The Nordic Region is a world leader on gender equality, a position that comes with obligations. With just 11 years left until the implementation deadline for the UN’s Agenda 2030 for sustainability, the Nordic countries have reiterated the whole-hearted commitment to achieving the gender-equality goal.
Gender equality starts at home
They have invited the other UN member states to work with the Nordic Region and UN Women to take joint action in bringing about transformative change reaching the targets of gender equality. One of the tools for change is the project The Nordic Gender Effect at Work, in which the countries describe the political leadership of reforms and results of 50 years of working together on equality issues.
The Prime Minister of Iceland at the UN CSW
"Gender equality at home coincides with gender equality at work. It’s very important to realize this connection. That’s why we welcome innovative collaboration around paid and shared parental leave; affordable, high quality childcare and gender equality in leadership,” says Katrín Jakobsdóttir, Prime Minister of Iceland who also has responsibility for gender equality. Along with the other Nordic equality ministers she is in New York to attend the UN Commission on the Status of Women (CSW).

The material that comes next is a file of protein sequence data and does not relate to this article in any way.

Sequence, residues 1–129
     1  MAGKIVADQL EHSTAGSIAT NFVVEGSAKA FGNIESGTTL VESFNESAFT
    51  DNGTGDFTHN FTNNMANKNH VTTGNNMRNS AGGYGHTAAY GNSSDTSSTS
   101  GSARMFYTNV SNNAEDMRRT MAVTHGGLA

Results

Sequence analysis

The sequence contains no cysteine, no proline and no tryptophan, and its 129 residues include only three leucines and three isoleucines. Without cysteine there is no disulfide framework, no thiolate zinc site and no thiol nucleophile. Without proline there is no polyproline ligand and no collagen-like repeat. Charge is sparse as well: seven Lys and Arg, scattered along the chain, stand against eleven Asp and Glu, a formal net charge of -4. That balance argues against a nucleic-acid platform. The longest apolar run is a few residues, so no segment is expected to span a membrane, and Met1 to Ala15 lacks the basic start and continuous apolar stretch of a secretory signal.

A real effect
The fact that there really is a “Nordic Gender Effect” is reflected in the World Economic Forum’s Global Gender Gap Index, which shows that the Nordic countries rank top of the world. The index measures indicators such as access to education, training, health, jobs and political power.
MeToo revealed the challenges
One of the equality parameters that the index measures is protection against gender-related and sexual violence. In this area, the #MeToo movement has revealed that there is still a great deal of room for improvement, both inside and outside the Nordic Region, the ministers stress.
Gender equality is possible!
Phumzile Mlambo, Director of UN Women, stressed that wholehearted Nordic support for the gender-equality goal in Agenda 2030 sends an important signal to the rest of the world.
"The leadership of the Nordic countries is critical; their experience in advancing gender equality through social protection policies and legislation, innovation and engaging men and boys can help us find solutions globally," she says.